Environmental Public Health Act
(CHAPTER 95)

(Original Enactment: Act 14 of 1987)

REVISED EDITION 2002
(31st December 2002)
An Act to suppress common betting-houses, betting in public places and bookmaking.
[1st July 1987]
PART I
PRELIMINARY
Short title
1.  This Act may be cited as the Betting Act.
Interpretation
2.—(1)  In this Act, unless there is something repugnant in the subject or context —
“access” includes access through the telephone, by post or by telegram;
“betting information centre” means any place kept or used for receiving or transmitting by telephone or other means any information relating to any horse-race or other sporting event for the purpose of betting or wagering in contravention of this Act;
“bookmaker” means any person who, whether on his own account or as penciller, runner, employee or agent for any other person, receives or negotiates bets or wagers whether on a cash or on a credit basis and whether for money or money’s worth, or who in any manner holds himself out or permits himself to be held out in any manner as a person who receives or negotiates those bets or wagers; but does not include a club, its officers or employees or any other person or organisation operating or conducting a totalisator or parimutuel or any other system or method of cash or credit betting authorised under section 22;
[13/2004 wef 01/05/2004]
“common betting-house” means —
(a)any place kept or used for betting or wagering on any event or contingency of or relating to any horse-race or other sporting event to which the public or any class of the public has or may have access;
(b)any place kept or used for habitual betting or wagering on any such event or contingency as aforesaid, whether the public has, or may have, access thereto or not; and
(c)any place used by a bookmaker for the purpose of receiving or negotiating bets or wagers on any such event or contingency as aforesaid whether the bets or wagers reach the bookmaker by the hand of the person placing the bet or his agent or the bookmaker’s agent or through the telephone or by post or by telegram or by any other means;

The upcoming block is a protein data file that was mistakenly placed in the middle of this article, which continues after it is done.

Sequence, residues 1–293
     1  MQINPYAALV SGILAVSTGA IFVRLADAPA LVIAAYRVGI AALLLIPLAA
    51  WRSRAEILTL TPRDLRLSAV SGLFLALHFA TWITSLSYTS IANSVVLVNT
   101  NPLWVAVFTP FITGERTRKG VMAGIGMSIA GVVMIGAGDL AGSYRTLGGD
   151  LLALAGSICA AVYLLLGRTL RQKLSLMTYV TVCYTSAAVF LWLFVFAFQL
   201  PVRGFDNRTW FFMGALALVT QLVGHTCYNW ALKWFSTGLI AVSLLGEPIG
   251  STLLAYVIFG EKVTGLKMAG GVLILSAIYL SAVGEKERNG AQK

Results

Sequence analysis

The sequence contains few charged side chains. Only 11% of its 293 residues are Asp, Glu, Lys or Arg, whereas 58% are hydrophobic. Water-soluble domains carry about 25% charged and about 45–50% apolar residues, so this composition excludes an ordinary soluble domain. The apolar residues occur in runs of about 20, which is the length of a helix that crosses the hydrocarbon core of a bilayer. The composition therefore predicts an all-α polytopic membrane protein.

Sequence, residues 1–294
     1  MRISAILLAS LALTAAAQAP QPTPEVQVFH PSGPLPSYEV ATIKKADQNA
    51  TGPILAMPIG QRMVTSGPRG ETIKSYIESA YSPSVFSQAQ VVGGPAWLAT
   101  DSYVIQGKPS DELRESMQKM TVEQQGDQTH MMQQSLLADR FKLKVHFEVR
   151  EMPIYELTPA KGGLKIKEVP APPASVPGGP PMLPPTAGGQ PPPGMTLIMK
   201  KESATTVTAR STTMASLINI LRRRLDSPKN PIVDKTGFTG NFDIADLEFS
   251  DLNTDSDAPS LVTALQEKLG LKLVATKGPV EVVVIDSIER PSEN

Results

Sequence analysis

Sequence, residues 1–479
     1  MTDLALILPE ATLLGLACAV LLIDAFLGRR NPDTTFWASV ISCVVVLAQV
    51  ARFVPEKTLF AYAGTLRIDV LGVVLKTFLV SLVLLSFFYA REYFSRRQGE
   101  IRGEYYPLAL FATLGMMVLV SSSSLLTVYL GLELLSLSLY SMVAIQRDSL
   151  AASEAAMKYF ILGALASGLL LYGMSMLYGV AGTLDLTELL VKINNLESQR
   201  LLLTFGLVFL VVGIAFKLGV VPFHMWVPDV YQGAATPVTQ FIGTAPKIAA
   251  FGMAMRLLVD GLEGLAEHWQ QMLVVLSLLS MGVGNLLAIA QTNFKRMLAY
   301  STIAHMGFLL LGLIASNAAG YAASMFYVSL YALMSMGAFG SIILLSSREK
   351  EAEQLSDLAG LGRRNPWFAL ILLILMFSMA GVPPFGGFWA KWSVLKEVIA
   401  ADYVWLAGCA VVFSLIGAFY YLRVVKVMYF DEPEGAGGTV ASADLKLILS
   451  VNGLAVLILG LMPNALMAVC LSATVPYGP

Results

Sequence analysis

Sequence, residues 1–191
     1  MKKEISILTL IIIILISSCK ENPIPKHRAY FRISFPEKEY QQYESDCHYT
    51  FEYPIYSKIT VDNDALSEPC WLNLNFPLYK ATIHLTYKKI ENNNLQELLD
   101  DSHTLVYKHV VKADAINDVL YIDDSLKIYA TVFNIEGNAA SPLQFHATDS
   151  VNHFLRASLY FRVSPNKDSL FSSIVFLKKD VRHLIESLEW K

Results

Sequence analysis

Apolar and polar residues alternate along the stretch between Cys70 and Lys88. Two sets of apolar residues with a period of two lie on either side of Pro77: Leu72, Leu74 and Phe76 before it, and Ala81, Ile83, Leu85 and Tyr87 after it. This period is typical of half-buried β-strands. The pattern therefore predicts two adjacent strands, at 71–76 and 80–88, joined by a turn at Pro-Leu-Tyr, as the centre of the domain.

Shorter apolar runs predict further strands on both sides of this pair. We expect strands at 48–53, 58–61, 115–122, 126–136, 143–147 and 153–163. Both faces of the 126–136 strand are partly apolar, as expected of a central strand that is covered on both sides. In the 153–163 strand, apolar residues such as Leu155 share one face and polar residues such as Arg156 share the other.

“equipment” has the same meaning as in the Telecommunications Act 1999;
[43/1999 wef 01/12/1999]
“penciller” means a person who helps a bookmaker to keep his accounts or record of bets in connection with horse-races;
“place” means any house, office, room or building, and any place or spot, whether open or enclosed, and includes a ship, boat, or other vessel whether afloat or not, and any vehicle;
“runner” means a person employed by a bookmaker to collect and settle bets either on salary or on commission basis;
“sporting event” includes any race, fight, game, sport or exercise;
“telecommunication system” has the same meaning as in the Telecommunications Act 1999.
[8/86]
[43/1999 wef 01/12/1999]
(2)  A place shall be deemed to be used for a purpose if it is used for that purpose on only one occasion.
(3)  A place shall be deemed to be used for habitual betting or wagering if betting or wagering is frequently carried on therein, notwithstanding that betting or wagering is not the primary purpose for which that place is normally used.
(4)  Every person who demises or lets for hire a place shall be deemed to be the owner thereof.
(5)  A common betting-house shall be deemed to be a common nuisance and contrary to law.